"There is difference and there is power. And who holds the power decides the meaning of the difference." --June Jordan

Sunday, November 29, 2009

If You Care About Ending Sexual Assault, Girlcott Method Products

If this didn't already guarantee that I will never, ever buy a Method product, then this sure as hell does.


Wednesday, November 25, 2009

Mr. Fox: Not So Fantastic for Girls


I went to a sneak preview of Fantastic Mr. Fox last night, and I watched it from three different points of view, all of which are probably too intertwined in my own consciousness/psyche/whatever to really separate, but for the purposes of this post, I'm going to pull them apart. I viewed this film:

1. As a lover, since childhood, of every single thing ever written by the amazing and wonderful Roald Dahl,

2. As a longtime fan of Wes Anderson, which I've been ever since Katie introduced me to Bottle Rocket back in the 90s, and

3. As a feminist.

If I was only the first two, I might be inclined to say this is one of my new favorite movies of all time. It is delightful, adorable, whimsical, hilarious, creative, and the perfect amount of weird. It is so incredibly Roald Dahl and so incredibly Wes Anderson at the same time that the fangirl in me wants to do cartwheels over it.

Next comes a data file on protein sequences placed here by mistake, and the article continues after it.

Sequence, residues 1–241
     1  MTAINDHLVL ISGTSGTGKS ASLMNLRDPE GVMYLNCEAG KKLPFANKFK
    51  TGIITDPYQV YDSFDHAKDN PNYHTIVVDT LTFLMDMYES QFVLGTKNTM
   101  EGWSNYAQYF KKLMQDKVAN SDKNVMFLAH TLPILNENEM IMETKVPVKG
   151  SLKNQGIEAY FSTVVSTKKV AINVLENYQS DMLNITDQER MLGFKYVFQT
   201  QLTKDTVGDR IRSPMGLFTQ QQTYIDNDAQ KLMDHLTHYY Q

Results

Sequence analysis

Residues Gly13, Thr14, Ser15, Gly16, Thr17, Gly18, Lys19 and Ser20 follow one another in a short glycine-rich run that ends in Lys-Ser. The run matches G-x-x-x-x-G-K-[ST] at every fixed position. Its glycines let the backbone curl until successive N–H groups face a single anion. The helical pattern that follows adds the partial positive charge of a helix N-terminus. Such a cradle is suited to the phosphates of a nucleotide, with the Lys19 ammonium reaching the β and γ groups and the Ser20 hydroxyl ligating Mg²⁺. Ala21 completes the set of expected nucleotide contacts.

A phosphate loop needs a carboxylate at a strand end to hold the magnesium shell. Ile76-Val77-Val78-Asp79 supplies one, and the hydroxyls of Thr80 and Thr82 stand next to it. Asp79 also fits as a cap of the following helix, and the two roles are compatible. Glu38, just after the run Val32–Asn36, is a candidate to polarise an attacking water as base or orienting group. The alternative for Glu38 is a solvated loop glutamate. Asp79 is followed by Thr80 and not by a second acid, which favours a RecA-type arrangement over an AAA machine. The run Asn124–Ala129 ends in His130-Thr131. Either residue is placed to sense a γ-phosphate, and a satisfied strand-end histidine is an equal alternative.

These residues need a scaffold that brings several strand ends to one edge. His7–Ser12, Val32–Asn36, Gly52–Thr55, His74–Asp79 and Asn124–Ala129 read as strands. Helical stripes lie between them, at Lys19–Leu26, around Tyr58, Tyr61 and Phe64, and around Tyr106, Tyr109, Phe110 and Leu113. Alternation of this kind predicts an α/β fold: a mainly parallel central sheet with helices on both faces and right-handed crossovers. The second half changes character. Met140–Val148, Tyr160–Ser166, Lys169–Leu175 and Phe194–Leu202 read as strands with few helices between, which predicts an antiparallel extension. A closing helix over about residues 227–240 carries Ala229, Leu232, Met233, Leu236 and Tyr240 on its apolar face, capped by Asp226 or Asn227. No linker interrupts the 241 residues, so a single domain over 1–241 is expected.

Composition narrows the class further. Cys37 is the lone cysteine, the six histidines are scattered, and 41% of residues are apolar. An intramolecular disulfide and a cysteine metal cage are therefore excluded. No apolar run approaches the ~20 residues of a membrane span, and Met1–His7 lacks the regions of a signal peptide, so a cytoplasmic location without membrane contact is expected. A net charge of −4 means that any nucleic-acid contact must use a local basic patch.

But, I'm also a feminist. And especially after just spending the last two weeks teaching college undergrads in my Women's Studies 101 class all about the representation of female characters in pop culture, hitting on everything from The Smurfette Principle to the Bechdel Test, I can't help but be a little devastated that this movie completely and utterly 100% drops the ball when it comes to female characters. If you go see it, you'll know what I mean. It's just disappointment after disappointment, and when there's a tiny glimmer of hope in one or two spots, the rug is immediately pulled out from under any possibility of redemption.

I guess Dahl is partly to blame, since the original book didn't have much in the way of female characters, either. But if you look at his body of work, plenty of his stories have interesting and adventurous female characters. (Matilda and the BFG are two of my favorites.) I'm more disappointed that Anderson, in building an entire full-length feature around a short children's story and in interpreting and developing Dahl's characters and creating characters of his own, didn't think give a second thought to girls. What's funny is that if this had been one of Anderson's regular live-action films, I wouldn't have been surprised or let down by its failure to inspire my inner-feminist. I never necessarily expect that from him. But you know as well as I do that this film is different, because unlike Rushmore and unlike The Darjeeling Limited, children are inevitably going to see this movie.